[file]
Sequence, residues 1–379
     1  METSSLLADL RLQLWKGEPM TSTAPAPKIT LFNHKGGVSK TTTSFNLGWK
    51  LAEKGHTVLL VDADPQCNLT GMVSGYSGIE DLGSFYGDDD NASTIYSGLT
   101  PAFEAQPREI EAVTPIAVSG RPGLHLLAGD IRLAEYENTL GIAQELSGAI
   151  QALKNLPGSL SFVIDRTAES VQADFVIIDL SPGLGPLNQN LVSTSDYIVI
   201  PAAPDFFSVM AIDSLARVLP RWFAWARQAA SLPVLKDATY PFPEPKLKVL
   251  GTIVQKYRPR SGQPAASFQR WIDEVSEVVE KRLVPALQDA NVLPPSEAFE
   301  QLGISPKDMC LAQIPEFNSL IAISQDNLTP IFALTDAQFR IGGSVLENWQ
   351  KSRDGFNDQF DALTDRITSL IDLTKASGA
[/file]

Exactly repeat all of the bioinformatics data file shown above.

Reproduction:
Sequence, residues 1–379
     1  METSSLLADL RLQLWKGEPM TSTAPAPKIT LFNHKGGVSK TTTSFNLGWK
    51  LAEKGHTVLL VDADPQCNLT GMVSGYSGIE DLGSFYGDDD NASTIYSGLT
   101  PAFEAQPREI EAVTPIAVSG RPGLHLLAGD IRLAEYENTL GIAQELSGAI
   151  QALKNLPGSL SFVIDRTAES VQADFVIIDL SPGLGPLNQN LVSTSDYIVI
   201  PAAPDFFSVM AIDSLARVLP RWFAWARQAA SLPVLKDATY PFPEPKLKVL
   251  GTIVQKYRPR SGQPAASFQR WIDEVSEVVE KRLVPALQDA NVLPPSEAFE
   301  QLGISPKDMC LAQIPEFNSL IAISQDNLTP IFALTDAQFR IGGSVLENWQ
   351  KSRDGFNDQF DALTDRITSL IDLTKASGA